If you’re taking the University of Cambridge ESOL exams KET, PET or FCE, a good result in the speaking test will help your overall result. In fact, if you find the reading, listening or writing part difficult, a good result in your speaking can balance out the other marks.
Here are some tips for getting the best results in the speaking.
At KET level
In the second part of the speaking test, you have to ask and answer questions with your partner. Often, you have to give numerical information, such as a price.
Make sure your pronunciation is correct. For example, £1.30 is pronounced “one pound thirty” (with the stress on “thir” and not “ty”.) If you say “one pound thirty” (with the stress on “ty” and not “thir” it can sound like £1.13.)
Know how to pronounce 100 (hundred) and 1000 (thousand) and fractions of numbers, such as £10.50. (It’s “ten pounds fifty, not “ten fifty pounds”!)
There’s often a question about times of the day.
7am – 7pm is “from seven am to seven pm” or “from seven o’clock in the morning to seven o’clock in the afternoon”.
For more information about telling the time, see our page on talking about your job and daily routines.
Sometimes you need to give a website address.
Remember www = “double you double you double you” and .com = “dot com”.
Know how to make questions from the prompts. Often there’s a question about money.
music lesson / £ ?
“How much is a music lesson?” Or “How much does a music lesson cost?”
For more information on how to ask about prices, see our page on asking questions.
Be careful about how you make questions with auxiliaries like “can”.
see lions / zoo?
“Can we see lions at the zoo?” (Not “Do we can see lions…” or “We can see lions?”)
For more information on how to ask questions with modals, see our page on how to use can.
Conversation tip: Try to keep the conversation going. If your partner asks you something and you don’t understand, ask a question.
What did you say?
Can you repeat that?
Can you say that again?
At PET level
To do well at PET, you need to contribute to a conversation. This means you need to have ideas. For example, in Part 2, don’t limit yourself to “I don’t agree because it’s boring…” Instead, give some examples why you agree or disagree with your partner. Make sure that what you say helps to extend and develop the conversation. Don’t just say “yes” or “no”.
You also need to be organised (especially in the photo) to give enough detail without repeating your ideas. Use linking words (“so”, “but”, “and also”, “then”, etc) to help connect your ideas.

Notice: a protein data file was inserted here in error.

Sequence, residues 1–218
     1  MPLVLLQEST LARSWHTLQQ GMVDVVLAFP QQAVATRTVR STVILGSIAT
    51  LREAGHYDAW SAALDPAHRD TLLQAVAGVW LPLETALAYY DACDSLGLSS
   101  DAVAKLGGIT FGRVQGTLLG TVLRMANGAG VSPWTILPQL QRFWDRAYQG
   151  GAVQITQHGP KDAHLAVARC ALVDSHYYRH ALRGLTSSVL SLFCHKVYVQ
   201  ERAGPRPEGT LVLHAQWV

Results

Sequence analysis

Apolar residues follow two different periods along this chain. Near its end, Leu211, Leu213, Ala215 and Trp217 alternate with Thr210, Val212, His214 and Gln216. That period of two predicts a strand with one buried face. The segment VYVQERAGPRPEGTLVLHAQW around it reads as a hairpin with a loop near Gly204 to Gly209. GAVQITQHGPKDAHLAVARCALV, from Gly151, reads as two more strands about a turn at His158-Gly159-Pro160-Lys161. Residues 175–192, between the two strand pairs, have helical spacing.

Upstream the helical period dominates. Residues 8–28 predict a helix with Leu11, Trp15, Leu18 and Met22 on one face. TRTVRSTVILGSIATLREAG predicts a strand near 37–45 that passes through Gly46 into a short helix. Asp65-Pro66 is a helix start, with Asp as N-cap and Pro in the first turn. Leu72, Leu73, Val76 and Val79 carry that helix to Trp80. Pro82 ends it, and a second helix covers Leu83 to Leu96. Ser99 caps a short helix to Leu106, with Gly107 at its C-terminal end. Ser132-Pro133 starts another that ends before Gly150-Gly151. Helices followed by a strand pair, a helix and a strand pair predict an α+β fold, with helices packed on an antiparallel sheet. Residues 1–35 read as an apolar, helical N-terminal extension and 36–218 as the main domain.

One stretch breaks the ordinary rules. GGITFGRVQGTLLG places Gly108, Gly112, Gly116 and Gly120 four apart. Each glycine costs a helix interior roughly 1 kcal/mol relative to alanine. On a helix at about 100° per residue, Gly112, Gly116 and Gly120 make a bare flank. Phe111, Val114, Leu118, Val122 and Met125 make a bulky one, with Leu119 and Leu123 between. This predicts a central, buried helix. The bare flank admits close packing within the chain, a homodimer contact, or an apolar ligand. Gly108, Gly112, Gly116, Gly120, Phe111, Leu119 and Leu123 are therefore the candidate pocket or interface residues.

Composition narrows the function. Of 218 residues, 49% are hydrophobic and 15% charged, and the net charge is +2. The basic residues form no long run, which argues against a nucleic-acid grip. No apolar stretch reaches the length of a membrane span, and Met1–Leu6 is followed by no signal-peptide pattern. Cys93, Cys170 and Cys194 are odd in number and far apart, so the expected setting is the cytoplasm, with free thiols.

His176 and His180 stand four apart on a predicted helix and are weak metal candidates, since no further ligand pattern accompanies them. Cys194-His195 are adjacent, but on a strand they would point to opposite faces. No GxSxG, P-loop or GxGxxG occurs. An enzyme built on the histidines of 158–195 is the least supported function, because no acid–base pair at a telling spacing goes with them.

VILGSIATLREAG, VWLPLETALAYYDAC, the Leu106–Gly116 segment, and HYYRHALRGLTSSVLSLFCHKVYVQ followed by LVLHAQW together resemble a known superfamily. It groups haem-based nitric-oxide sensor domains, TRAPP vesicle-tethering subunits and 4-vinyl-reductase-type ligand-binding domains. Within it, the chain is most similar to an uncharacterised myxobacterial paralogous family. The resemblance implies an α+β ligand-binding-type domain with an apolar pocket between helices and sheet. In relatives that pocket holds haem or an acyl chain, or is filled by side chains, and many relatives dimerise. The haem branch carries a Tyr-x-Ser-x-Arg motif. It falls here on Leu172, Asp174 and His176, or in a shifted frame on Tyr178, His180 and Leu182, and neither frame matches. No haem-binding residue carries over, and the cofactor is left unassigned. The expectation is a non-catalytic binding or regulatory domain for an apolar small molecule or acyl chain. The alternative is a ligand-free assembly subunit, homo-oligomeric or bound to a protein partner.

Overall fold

Interesting vocabulary and grammar will help you. It doesn’t matter if you get difficult grammar wrong, but if you try (for example, a conditional sentence or present perfect) the examiner will be pleased!
Use a range of adjectives, and think of ideas where you can show off your English vocabulary. Try to avoid “boring” vocabulary such as boring, interesting, nice, and beautiful. Use synonyms so you don’t repeat the same things.
Don’t get stuck on words that you don’t know. Sometimes in the discussion or the photo you can see something but you don’t know the word in English. Don’t pause too long – go on to the next thing. You can also point to the thing if it helps.
Your pronunication is assessed not just on individual sounds, but also stress and intonation.
Conversation tip: In part 4 (the conversation), move your chair so you face your partner and not the examiner. This will help you look at your partner and have a “real” conversation.
At FCE level
You can impress the examiner with some more complicated grammar and vocabulary. Use a range of infinitive forms (“she seems to be studying” or “they seem to have had an accident” such as in the photo comparison, conditionals, passives and phrasal verbs.
Expand your ideas and speak without too many pauses. For the photo comparison try to give two or three comparisons before you go on to the second part of the photo question (how the people are feeling, for example.)
Use linking words and phrases. Words like “this” and “it” help you avoid repeating the same words; “while”, “whereas”, “however” help you compare photos; and “firstly”, “secondly” etc help you to build an argument in the conversation part.
If your partner is finding Part 3 difficult, take the initiative. You can use phrases like “So do you mean…?” or “So do you think this is a good idea?” Use summarising phrases to finish part 3: “So to summarise…”, “So in conclusion…”
Conversation tip: During the exam (and especially part 4) try and relate what you say to what your partner has said. For example, “Like Sara, I think that…”